Nashville gas stations see panic buying fueled by shortage fears after pipeline cyberattack

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UPDATE: Colonial Pipeline issued a statement Wednesday saying that it had initiated the restart of pipeline operations as of 5 p.m. ET. The company warned that it will take several days for the supply chain to return to normal.


NASHVILLE, Tenn. (WKRN) — Middle Tennessee drivers are fueling gas shortages after a cyberattack forced the largest petroleum pipeline in the nation to shut down.

“Usually, you see a couple cars and it will be empty spots,” said Jafar Mganga, a Nashville driver. “But then today I was just surprised that it’s too much cars. There is nowhere to park at all.”

Drivers across Metro Nashville went out of their way to wait in line for a full tank.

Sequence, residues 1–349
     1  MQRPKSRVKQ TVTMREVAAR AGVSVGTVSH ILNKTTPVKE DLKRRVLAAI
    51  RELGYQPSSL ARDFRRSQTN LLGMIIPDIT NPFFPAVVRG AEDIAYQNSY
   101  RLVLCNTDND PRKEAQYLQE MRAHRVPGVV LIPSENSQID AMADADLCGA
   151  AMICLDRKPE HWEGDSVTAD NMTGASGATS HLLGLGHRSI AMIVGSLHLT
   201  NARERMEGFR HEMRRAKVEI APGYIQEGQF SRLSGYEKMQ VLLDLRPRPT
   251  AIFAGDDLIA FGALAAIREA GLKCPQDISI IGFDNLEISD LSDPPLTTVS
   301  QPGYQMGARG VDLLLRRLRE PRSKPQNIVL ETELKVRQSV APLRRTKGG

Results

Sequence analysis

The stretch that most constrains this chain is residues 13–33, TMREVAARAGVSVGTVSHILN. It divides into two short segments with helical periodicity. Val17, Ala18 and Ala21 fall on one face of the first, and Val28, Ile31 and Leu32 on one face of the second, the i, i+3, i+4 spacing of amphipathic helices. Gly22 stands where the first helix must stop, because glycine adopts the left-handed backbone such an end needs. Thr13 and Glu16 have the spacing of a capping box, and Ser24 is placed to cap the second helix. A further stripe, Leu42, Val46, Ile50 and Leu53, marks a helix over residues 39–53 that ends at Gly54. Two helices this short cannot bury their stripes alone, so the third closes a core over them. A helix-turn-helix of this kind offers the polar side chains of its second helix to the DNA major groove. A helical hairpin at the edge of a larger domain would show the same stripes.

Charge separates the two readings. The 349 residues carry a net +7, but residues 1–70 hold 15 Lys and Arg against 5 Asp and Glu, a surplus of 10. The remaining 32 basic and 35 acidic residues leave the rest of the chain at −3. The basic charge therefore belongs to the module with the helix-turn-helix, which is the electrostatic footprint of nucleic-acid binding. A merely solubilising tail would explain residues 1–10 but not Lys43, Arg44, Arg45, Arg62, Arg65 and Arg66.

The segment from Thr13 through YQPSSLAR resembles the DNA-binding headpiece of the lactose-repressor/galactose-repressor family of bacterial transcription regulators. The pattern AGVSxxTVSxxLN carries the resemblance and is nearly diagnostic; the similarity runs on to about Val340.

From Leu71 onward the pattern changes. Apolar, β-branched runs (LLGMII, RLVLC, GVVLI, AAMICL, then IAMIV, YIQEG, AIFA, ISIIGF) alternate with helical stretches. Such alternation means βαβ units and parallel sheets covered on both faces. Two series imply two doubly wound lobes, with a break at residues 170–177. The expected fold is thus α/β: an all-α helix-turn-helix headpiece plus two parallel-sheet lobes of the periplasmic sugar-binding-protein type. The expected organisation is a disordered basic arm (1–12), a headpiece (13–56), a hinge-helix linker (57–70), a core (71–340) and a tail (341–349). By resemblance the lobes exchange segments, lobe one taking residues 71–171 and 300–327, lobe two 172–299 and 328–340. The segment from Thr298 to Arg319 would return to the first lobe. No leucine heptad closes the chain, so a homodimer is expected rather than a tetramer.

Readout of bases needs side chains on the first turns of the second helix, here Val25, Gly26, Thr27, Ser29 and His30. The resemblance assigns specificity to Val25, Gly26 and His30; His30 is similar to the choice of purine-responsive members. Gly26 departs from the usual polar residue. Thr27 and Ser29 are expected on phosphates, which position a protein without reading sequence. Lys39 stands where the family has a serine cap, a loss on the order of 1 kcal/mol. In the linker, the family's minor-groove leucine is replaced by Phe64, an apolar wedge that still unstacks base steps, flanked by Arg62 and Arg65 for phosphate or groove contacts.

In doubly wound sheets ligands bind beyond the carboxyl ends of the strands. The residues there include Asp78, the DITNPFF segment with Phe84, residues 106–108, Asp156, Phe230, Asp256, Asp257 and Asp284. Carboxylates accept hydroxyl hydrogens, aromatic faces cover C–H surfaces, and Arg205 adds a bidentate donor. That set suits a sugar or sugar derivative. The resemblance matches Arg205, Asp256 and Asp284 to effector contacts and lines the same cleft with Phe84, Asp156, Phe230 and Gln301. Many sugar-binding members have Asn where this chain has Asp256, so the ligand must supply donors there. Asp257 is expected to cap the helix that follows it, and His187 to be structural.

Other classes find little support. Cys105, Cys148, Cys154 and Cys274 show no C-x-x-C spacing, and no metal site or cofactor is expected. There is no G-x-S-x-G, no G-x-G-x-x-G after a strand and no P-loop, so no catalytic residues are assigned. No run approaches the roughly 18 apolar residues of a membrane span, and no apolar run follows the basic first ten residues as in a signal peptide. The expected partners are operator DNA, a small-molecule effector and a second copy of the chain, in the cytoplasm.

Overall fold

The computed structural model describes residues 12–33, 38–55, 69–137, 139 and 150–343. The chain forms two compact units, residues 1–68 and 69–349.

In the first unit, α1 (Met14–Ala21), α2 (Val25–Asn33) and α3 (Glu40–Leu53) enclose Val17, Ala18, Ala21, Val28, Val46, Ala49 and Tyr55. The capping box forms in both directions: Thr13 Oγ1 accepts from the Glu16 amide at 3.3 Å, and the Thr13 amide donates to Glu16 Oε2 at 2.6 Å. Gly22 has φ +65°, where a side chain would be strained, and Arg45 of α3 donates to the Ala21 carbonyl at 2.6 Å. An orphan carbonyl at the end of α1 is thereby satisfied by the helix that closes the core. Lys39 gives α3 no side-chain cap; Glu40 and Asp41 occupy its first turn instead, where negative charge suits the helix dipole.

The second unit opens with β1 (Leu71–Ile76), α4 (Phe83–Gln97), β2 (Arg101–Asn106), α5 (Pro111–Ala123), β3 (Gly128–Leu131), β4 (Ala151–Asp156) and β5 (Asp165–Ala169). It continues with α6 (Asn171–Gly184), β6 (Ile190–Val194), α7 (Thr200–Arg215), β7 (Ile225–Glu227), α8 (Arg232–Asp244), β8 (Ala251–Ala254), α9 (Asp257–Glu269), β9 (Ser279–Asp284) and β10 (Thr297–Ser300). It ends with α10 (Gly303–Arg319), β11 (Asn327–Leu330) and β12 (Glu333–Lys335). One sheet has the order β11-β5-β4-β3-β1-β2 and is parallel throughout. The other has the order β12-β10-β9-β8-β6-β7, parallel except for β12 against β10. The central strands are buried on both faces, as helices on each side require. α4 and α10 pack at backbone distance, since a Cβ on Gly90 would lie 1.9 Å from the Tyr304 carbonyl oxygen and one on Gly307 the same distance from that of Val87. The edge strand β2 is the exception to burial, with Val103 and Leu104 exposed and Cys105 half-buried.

Tuesday evening, a Mount Juliet Speedway had no gas at all. In West Nashville, long lines at Costco were in full swing. Costco even limited buyer to “two legally approved portable containers per transaction.”

“I think it’s interesting,” said Alanna Peters, also a driver. “I’m not sure how much of it is possibly real or is it just something to boost the economy for a little while.”

White House officials say a cyberattack shut down the Colonial Pipeline Company, which fuels 45 percent of consumers on the east coast. Federal leaders say it could take days to restore the company’s operations, and gas prices could exceed $3 a gallon.

“That’s not good news,” said Mganga. “We need gas for us to go to our jobs or wherever we need to go. We need gas. And without gas we can’t drive.”

Many gas stations say they are experiencing gas shortages because of panic buying, rather than due to an actual shortage in supply.

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